Year of Publication


Degree Name

Doctor of Philosophy (PhD)

Document Type

Doctoral Dissertation


Graduate School


Public Policy and Administration

First Advisor

Dr. Eugenia F. Toma


This dissertation seeks to make significant progress in the quantitative study of public revenue diversification. In the past, this phenomenon has been studied in various and disparate contexts, using a variety of empirical methods. In particular, two different hypotheses, from different subfields of public finance, have been advanced. One of these perspectives, coming from political economy, holds that revenue diversification is a tool for opportunistic policymakers to artificially expand public revenues (and thus expenditures) for electoral gain. The other, from a public financial management tradition, holds that revenue diversification is a constructive management tool which facilitates greater revenue stability for the sake of more efficient and effective budgeting processes.

Utilizing a deep panel of public revenue data from the U.S. states, this dissertation seeks to offer contextualization and explanation of divergent results in the extant literature. Three different empirical issues are specifically addressed, in each of the major substantive chapters: inconsistency in the measurement of revenue diversity, under-consideration of endogeneity in the existent models of diversification, and the underlying revenue volatility inherent to the reliance on particular revenue mechanisms. The results of this dissertation suggest that the existing theoretical expectations (and their resultant empirical results) are substantially oversimplified, and do not adequately address the empirical advanced propositions within.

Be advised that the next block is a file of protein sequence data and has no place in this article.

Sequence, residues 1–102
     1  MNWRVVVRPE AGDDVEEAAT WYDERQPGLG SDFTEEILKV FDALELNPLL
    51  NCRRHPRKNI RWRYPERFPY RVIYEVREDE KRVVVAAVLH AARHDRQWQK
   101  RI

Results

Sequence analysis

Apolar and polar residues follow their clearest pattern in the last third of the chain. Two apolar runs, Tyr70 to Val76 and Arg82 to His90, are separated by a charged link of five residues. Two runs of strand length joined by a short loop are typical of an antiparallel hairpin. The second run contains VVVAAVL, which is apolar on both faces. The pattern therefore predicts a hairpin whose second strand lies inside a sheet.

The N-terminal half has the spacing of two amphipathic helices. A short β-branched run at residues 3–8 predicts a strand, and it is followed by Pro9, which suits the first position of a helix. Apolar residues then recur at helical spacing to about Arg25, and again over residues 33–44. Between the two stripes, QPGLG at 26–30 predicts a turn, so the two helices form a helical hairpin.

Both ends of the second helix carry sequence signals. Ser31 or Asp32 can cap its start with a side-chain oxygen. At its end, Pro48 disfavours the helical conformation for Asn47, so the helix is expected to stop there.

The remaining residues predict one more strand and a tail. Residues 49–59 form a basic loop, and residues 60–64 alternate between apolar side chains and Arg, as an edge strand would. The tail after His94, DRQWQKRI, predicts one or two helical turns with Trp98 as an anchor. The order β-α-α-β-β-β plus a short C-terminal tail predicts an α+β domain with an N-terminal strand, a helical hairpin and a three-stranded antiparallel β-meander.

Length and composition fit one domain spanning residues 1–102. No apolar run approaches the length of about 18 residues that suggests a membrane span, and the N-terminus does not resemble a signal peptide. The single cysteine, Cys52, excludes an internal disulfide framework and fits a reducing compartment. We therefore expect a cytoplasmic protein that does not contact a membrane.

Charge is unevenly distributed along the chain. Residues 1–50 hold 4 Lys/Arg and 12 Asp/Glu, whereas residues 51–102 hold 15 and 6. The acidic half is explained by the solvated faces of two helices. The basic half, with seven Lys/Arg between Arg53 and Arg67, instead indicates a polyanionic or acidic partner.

While each chapter reaches its own individual conclusion in response to the limitations of the existent literature, the main takeaway from the dissertation is that the starting point for revenue diversification must be considered. Diversifying from an instable status quo to a more stable mix of revenues would logically result in a more stable revenue stream. But if the governmental entity is diversifying away from a reliance on stable tax and revenue instruments, as seems to be the case with most U.S. states, diversification is likely to lead to increased volatility. This is the opposite result predicted by most of the existent literature, but is empirically verified here, with substantial rigor.

A large part of the problem seems to be the inconsistency and incompleteness of the standard measure of revenue diversity (a Herfindahl-Hirschman Index of concentration). This dissertation offers pointed suggestions of how this measurement could be amended, reconsidered, and alternately employed in the future. However, the major theoretical and empirical contribution is that revenue diversity must be considered as part of a full revenue system, and that isolating it as only part of said yields results which cannot be fully trusted. Expecting such endogeneity, the simultaneously derived results are often the very opposite of theoretical expectations.

Most importantly, the results of the revenue-complexity hypothesis are subverted, offering an alternative explanation by which revenue diversification is a rational response to the external demand for greater government spending. Additionally, while there is evidence that policymakers respond to greater volatility by diversifying the revenue stream, it appears that this diversification does not lead to greater revenue stability at the state level.

Digital Object Identifier (DOI)